Finally, because we lack an intersectional analysis of how heteropatriarchy structures white supremacy and colonialism, we end up developing organizing strategies that are problematic to say the least. To name but a few examples: We have anti-violence groups supporting the bombing of Afghanistan in order save women from the Taliban, and we have these same groups supporting the buildup of the prison industrial complex by relying on criminalization as the primary strategy for ending domestic and sexual violence.
These groups fail to see how the state itself is the primary perpetrator of violence against women, particularly women of color, and that state violence in the form of either the military or prison industrial complex is not going to liberate anyone.
We have racial and antiwar groups meanwhile organizing against state violence in Iraq and elsewhere, but cannot seem to do anything about ending violence against women in their own organizations. These groups fail to see that it is primarily through sexual violence that colonialism and white supremacy work.
And then we have mainstream reproductive rights and environmental groups supporting population control policies in order to save the world from poverty and environmental destruction, thus blaming women of color for the policies wrought by corporate and government elites, thus letting these elites off the hook.
In all these cases and many more, activists fail to recognize that if we do not address heteropatriarchy, we do not just undermine the status of women, but we fundamentally undermine our struggles for social justice for everyone.
Thus, if we are not serious about dismantling heteropatriarchy, then we are not serious about ending colonialism or white supremacy. We might as well go home and tell all Christian Right activists to retire because we will be doing their job for them.— Heteropatriarchy, A Building Block of Empire — Andrea Smith
First, because we have not challenged heteropatriarchy, we have deeply internalized the notion that social hierarchy is natural and inevitable, thus undermining our ability to create movements for social change that do not replicate the structures of domination that we seek to eradicate. Whether it is the neocolonial middle managers of the non-profit industrial complex or the revolutionary vanguard elite, the assumption is that patriarchs of any gender are required to manage and police the revolutionary family.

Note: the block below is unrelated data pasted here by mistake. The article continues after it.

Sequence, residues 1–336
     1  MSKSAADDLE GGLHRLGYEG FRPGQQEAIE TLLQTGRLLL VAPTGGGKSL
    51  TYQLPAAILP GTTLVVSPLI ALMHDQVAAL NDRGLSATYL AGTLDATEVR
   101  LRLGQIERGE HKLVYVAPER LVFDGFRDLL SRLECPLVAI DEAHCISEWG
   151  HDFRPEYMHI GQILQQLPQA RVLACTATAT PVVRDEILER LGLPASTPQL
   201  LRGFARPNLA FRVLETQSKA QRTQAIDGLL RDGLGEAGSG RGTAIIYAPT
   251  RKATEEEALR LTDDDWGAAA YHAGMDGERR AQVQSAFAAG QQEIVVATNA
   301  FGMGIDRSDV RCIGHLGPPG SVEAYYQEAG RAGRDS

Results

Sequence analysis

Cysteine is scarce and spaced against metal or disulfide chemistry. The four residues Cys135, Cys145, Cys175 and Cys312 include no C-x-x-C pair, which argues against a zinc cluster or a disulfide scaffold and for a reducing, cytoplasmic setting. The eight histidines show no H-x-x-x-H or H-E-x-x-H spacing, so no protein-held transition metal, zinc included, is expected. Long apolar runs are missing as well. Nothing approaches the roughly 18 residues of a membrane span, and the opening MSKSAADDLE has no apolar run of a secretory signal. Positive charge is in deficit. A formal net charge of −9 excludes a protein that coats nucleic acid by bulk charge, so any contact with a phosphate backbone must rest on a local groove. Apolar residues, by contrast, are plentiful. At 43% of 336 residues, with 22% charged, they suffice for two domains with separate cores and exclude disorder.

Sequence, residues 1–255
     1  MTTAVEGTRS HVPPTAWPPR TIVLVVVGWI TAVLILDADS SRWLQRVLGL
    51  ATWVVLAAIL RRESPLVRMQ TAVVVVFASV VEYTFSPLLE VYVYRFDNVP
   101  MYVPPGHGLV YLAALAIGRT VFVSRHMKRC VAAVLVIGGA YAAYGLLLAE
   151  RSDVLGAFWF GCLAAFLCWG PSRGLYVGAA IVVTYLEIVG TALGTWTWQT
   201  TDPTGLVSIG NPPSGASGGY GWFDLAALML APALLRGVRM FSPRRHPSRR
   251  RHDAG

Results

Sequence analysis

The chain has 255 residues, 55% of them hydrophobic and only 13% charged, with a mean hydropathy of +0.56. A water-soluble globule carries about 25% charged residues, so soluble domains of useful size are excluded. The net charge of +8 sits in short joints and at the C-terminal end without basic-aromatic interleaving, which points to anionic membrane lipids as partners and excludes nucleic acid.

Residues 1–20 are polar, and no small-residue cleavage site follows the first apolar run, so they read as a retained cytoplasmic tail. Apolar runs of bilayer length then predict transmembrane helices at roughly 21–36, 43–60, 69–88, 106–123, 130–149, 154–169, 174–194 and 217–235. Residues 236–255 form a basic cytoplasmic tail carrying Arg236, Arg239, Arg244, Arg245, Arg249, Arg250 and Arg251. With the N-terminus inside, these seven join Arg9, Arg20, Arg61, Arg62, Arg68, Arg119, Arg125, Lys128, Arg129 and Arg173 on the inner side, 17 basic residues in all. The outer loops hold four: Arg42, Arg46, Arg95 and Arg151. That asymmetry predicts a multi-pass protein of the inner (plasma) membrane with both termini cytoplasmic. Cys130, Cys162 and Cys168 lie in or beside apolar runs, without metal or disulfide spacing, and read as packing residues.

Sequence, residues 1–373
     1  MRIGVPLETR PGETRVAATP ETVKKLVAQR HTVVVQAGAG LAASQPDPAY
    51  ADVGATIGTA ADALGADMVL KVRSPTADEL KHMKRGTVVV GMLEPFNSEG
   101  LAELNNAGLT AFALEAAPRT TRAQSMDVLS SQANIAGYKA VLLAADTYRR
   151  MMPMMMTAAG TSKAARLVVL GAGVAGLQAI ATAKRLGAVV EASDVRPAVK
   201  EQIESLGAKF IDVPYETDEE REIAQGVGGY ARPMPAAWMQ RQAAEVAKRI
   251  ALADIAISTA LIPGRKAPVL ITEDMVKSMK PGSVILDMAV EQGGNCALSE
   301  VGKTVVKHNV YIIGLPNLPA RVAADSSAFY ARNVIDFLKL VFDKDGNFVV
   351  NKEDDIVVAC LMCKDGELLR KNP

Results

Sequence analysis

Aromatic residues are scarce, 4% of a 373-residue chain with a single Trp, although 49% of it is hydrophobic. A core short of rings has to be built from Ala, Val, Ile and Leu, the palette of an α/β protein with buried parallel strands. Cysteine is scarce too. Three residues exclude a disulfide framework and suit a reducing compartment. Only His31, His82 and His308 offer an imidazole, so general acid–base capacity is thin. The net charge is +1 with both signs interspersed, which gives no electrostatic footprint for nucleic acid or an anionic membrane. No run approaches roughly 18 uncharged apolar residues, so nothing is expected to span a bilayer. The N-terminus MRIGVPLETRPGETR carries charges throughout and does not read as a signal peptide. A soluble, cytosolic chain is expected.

Any liberation struggle that does not challenge heteronormativity* cannot substantially challenge colonialism or white supremacy. Rather, as Cathy Cohen contends, such struggles will maintain colonialism based on a politics of secondary marginalization where the most elite class of these groups will further their aspiration on the backs of those most marginalized within the community.
Second, our sense of social hierarchy as natural then limits our revolutionary imagination. For instance, the theme of the U.S. Social Forum is “Another World is Possible: Another U.S. is Necessary.” But the critical question we must ask ourselves is, if another world is possible, then is the U.S. itself necessary? If we put all our revolutionary imaginations together, is the best we can come up with a kindler, gentler settler colonial nation-state based on slavery and genocide?
This is where we should be informed by indigenous peoples’ (particularly indigenous women’s) struggles to re-imagine nationhood without nation-states. The indigenous models of nationhood are based on nations as inclusive rather than exclusive, based on respect and responsibility for land rather than control over territory, and are governed on principles of mutual respect, interrelatedness and responsibility for a larger world, rather than governed through violence, domination, and social hierarchy.
Third, our organizing often follows a gendered model that is based on a split between private and public spheres. That is, in the public sphere of social protest, we are supposed to be completely together people who have no problems. However, when it turns out we do have problems, we are supposed to address those problems in the private sphere — at home, or through social services. Because we cannot bring our whole selves to the movement, we then end up undermining our work through personal dysfunctionality that cannot be publicly addressed.
In addition, when we think to work collectively, our collective action is confined to the public spheres of protests and other actions. But our movements do not think to collectivize the work that is seen as part of the private sphere, such as daycare, cooking and tending to our basic needs. Consequently, we build movements that are accessible to very few people and which are particularly burdensome for women who often are responsible for caretaking in the private sphere.— Heteropatriarchy, A Building Block of Empire — Andrea Smith